In April 2011, Heinrichs was rushed to the Regina General Hospital with signs of heart failure. At one point she was told she was to stay in the hospital for one day for a test, but it turned into a 10-day stay. On top of that, her husband had to leave to pack up their house because they were in the process of downsizing into a small apartment.
“It was something so unexpected and it didn’t work out too well because then (Ron) had to go back,” said Heinrichs. “But luckily for us, it’s not as bad as it is for some people because we have family here so we can always stay with them if somebody needs to.”
The vast distances in the province create challenges for EMS services, said Doug Line, the director in the acute and emergency services branch of the provincial health ministry. The branch is responsible for EMS, cancer agency and provincial quality of care co-ordinators.
“When you have a relatively low population density spread out over a long distance, it becomes much more of a challenge in order to provide emergency services,” said Line. “You’re attempting to have people trained, prepared and ready to respond to a call, but oftentimes it’s not always something that there’s always a close proximity to where they are.”
Line said paramedics have to travel many kilometres to respond to a call, pick up patients and transport them to a medical facility. Particularly in northern Saskatchewan where there are small communities spread out across far distances, it makes it difficult to provide service. He added the ministry’s goal in Saskatchewan is to respond to a rural emergency in less than 30 minutes. That goal is achieved about 83 per cent of the time.
“Of course you’d like to have a target of 100 per cent, but we think that given the geographical distances that 83 per cent indicates that we have some very good service providers out there who work very hard at making sure that they can respond as quickly as possible,” said Line.
There are 108 ambulance services in Saskatchewan and the majority of calls are done by the Regina and Saskatoon services. Out of those 108 services, 61 have an average of one call per service per day. Of those 61, an average of 10 would do less than one call per week. In Regina and Saskatoon, ambulance services each receive 65 calls per day.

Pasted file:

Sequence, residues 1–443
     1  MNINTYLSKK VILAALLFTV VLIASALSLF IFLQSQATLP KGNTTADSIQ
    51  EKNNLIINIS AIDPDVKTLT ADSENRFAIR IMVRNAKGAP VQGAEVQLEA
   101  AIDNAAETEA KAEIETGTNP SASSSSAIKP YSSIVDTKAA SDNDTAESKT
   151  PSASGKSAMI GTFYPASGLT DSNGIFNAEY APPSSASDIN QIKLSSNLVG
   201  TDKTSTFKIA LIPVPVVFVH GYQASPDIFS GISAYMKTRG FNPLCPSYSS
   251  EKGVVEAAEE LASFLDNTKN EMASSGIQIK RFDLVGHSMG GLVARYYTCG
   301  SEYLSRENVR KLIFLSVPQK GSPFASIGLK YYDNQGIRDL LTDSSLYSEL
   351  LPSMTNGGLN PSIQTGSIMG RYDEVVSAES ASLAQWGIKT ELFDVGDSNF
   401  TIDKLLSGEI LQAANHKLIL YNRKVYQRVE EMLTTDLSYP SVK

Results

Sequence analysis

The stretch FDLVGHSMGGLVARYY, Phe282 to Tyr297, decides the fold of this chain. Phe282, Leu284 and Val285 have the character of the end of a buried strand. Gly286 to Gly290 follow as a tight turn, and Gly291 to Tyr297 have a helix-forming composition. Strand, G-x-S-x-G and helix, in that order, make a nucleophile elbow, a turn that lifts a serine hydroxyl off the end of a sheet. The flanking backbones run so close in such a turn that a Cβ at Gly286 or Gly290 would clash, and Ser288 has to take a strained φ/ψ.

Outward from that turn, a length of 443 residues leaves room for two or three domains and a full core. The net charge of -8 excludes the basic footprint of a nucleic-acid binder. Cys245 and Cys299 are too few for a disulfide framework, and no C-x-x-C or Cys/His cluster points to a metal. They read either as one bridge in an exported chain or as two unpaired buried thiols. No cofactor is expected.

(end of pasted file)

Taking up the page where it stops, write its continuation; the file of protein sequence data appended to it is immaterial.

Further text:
“Some of our services out in the rural area don’t get a large volume of ambulance calls. So essentially you’re not always able to have people who are full time ambulance personnel,” said Line. “I have a lot of respect for their dedication because they do a lot of study, a lot of training and they’re working at their regular jobs and a call comes in that ambulance attendants are needed and they go out there and respond.”
Many things have been done in the province to try to overcome these rural challenges. He said 9-1-1 services are available for almost all areas of the province and more paramedics are being trained every year. Three ambulance dispatch centres were put into place with full-time ambulance dispatchers who can provide medical information over the phone in an emergency. If someone was having a heart attack or a baby was being delivered at home, for example, Line said dispatchers could provide information to help with the situation while the ambulance was on its way.
More recently, Line said the Cypress Health Region is running a pilot program in Eastend to develop a “mobile health system.” Paramedics would provide ambulance care and additional health services in the area and supply a full-time job to someone in that field. He said the provincial government is watching the project with great interest.
“(The pilot project is) to sort of see how you would integrate the skills of a paramedic into some of the local services that might be needed in the community related to home care or working in a heath care centre or clinic,” said Line. “It may be an opportunity in the next year or so to try in other locations and see if there’s a way to enhance the level of service in some of the smaller communities.”
“It would be nice if the smaller centres like Swift Current had more specialized services. There virtually aren’t any,” said Heinrichs. “Any time you run into something where you need a specialist, well of course, you have to go into a larger centre like Regina and then the wait lists get to be really long and that’s a problem, especially with some illnesses.”
Wait times, however, haven’t been a problem in Heinrichs’ experience and she has had to wait at most half a day to get in. Basic and emergency needs, such as filling her prescriptions, have never been an issue, but occasionally she’s had appointments rescheduled or cancelled, which is inconvenient for someone living out of town.
Although Heinrichs can’t complain too much based on her situation, she added the slowest part of the health services is getting the test results. With her heart condition, she has to have a lot of tests done. The results are also supposed to be sent to her doctor in Swift Current, but Heinrichs said “sometimes she gets them and sometimes she doesn’t.”
For instance, she had an MRI done in October and was told she’d get the results by the time she saw her Swift Current doctor in November. As of early February, she still didn’t have the results.
“There’s no reason for that,” said Heinrichs. “That’s not performance, really.”